Tuesday, November 07, 2006

Kennicott Bible

One of many Kennicott "carpet pages" 
(after the books of the prophets)

Picture of Kennicott Bible Jewish Star is courtesy of Ceramic artist Paul Barchilon.
Today I saw a calendar with a design that exited me. It showed Joseph Ibn Hayyim’s micrographic Star of David with six circles inside. It is a carpet page in the Kennicott Bible from the 15th century . May be it exited me because I had a similar idea when I made my Photoshop design of six coins with Lilium candidum. Wanting to know more about this Kennicott Bible I surfed the WWW and found Ceramic artist Paul Barchilon who was inspired by the Kennicott Bible design.
Paul Barchilon sent me today the following inspiring explanation:
The division of the circle into six is the first and most obvious division
possible with a compass. It arises completely organically and can be made
accurately with nothing but two sticks and a piece of string (the first
compass, thousands of years ago). The six pointed star (Magen David) is
hence a natural expression of geometric art and appears in many cultures.
That said, Islamic Art has more fully developed this type of decoration than
any other culture in the world. The Kennicot Torah is a product of its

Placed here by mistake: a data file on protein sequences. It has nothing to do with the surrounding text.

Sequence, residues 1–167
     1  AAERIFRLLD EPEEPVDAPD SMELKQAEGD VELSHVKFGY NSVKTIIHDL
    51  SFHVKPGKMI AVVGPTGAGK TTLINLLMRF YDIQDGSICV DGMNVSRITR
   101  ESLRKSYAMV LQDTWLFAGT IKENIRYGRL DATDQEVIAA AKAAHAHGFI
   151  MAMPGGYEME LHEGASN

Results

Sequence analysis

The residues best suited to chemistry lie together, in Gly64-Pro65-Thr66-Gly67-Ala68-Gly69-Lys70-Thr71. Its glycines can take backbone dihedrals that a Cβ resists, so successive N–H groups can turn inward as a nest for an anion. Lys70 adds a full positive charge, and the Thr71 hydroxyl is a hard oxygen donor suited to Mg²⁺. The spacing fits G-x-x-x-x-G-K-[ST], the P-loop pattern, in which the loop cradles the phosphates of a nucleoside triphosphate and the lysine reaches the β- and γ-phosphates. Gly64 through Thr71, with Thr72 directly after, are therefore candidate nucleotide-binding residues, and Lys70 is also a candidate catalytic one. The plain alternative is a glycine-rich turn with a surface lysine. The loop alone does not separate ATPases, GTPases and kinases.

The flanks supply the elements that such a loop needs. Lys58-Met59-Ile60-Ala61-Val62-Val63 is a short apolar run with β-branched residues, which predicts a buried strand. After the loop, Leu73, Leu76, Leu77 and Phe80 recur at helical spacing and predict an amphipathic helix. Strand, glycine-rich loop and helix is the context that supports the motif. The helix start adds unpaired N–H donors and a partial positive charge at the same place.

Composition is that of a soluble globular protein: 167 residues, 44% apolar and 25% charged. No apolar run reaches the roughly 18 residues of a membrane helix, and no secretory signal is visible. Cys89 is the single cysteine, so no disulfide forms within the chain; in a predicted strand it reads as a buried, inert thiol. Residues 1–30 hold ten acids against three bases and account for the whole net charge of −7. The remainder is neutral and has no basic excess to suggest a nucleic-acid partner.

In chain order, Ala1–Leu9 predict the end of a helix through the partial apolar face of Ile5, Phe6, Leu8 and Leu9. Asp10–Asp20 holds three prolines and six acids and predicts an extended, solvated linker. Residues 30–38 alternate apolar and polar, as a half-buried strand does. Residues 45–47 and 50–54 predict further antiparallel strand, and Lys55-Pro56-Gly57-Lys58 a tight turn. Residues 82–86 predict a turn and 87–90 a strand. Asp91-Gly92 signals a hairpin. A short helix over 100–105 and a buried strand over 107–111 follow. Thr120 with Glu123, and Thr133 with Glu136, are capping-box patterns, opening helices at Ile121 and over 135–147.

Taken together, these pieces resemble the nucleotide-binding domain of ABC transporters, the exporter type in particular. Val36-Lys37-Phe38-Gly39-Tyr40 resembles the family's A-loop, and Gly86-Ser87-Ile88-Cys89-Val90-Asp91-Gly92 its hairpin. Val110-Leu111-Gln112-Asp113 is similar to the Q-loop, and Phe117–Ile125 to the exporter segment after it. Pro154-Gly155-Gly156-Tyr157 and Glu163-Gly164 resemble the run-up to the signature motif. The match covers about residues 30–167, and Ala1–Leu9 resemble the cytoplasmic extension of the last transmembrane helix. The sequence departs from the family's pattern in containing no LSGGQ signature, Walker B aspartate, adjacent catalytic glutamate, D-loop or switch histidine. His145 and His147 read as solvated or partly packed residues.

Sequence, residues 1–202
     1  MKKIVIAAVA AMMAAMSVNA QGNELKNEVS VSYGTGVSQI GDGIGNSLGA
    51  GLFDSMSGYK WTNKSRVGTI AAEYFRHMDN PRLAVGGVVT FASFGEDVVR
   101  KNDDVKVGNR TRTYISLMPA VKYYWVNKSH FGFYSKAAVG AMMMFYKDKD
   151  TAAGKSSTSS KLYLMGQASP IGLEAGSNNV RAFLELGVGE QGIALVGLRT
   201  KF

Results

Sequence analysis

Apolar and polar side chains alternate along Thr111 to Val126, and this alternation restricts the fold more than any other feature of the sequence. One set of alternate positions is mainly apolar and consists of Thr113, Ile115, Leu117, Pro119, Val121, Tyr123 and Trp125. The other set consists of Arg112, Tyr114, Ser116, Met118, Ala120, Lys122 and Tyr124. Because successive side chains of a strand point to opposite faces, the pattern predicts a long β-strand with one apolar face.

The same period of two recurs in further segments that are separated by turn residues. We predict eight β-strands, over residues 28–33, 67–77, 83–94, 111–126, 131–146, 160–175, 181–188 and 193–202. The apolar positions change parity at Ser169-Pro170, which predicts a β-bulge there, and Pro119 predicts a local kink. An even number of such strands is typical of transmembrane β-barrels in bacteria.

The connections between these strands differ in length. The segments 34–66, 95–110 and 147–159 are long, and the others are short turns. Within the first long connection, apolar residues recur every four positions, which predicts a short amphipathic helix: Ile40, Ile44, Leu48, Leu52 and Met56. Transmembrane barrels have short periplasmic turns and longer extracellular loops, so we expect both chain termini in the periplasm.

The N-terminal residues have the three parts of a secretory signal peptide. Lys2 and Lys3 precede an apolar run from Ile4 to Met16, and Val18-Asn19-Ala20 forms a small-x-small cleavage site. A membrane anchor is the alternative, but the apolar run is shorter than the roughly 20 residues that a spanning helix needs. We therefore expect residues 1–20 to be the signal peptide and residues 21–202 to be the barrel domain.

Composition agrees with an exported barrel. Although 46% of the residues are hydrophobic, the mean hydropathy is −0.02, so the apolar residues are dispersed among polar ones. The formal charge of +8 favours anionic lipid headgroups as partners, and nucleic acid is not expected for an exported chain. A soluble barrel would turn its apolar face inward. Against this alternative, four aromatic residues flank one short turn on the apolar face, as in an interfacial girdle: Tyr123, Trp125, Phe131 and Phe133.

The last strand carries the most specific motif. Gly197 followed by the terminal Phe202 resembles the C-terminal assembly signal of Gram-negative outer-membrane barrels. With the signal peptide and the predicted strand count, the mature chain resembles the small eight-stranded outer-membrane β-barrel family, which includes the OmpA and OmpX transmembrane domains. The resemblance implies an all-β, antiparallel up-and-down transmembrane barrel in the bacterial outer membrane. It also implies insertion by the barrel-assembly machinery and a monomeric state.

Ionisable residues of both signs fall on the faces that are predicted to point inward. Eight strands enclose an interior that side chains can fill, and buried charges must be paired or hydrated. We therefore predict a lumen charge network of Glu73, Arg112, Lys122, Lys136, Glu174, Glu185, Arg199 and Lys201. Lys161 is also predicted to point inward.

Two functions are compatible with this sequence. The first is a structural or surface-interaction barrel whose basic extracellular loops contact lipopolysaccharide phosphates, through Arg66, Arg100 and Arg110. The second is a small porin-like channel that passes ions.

environment, Islamic Spain. Southern Spain (Andalusia) was a safe harbor
for Jews in the Medieval world. Star of David patterns are found all over
the Muslim world and the Kennicot Torah follows the style of Andalusian
decoration common at that time. The Star of David only became associated
with Jews and Zionism in the 19th century, so it is a modern interpretation.
It is also interesting to note the eight pointed star that is formed by the
intersection of two squares rotated at a 45 degree angle
(http://home.comcast.net/~pbwebsite/platters/amberose.html ). This star is
called the Solomon's Seal. Legend has it that it was on King Solomon's
ring. It was likely the Arabs who named these stars and attributed them to
the father and son monarchs in the Torah. Most people don't realize that
Muslims accept all the Jewish prophets as divinely inspired, and that the
Koran actually recounts much of the old and new testaments in Mahomet's (or
Allah's voice). Respect for Jewish traditions and recognition of Jews as
People of the Book was part of Islam early on. As a Sephardic Jew, my
family's history is one of being protected from the Christians by the
Moslems. The 800 year legacy of Islamic Spain is primarily one of peace and
cooperation between Muslims and Jews, a lesson we could do well to
reacquaint ourselves with in this day and age!
Best wishes,

Joseph Asarfati Illuminated the Cervera Bible manuscript carpet pages circa 1299-1300 in Spain. One of his carpet pages depicts two Stars of David: the one surrounding the emblem of Castilia and the other surrounding the emblem of Leon.
Joseph Ben Hayim who illuminated the Kennicott Bible in 1476, also in Spain, was inspired by him and in one of HIS carpet pages appears also a Star of David.
Portugal government issued on 20 may Jewish heritage stamp series with this image.
Joseph ben Yehuda Merwas finished in 1307 writing and illustrating his bible. At the end of Deuteronomy he drew a Star of David in a circle so that each triangle is made from two lines. Joseph Ben Yehuda Merwas belonged to the school of Spanish Jewish illustrators, same as the Kennicott bible illustrator, who also drew Stars of David.

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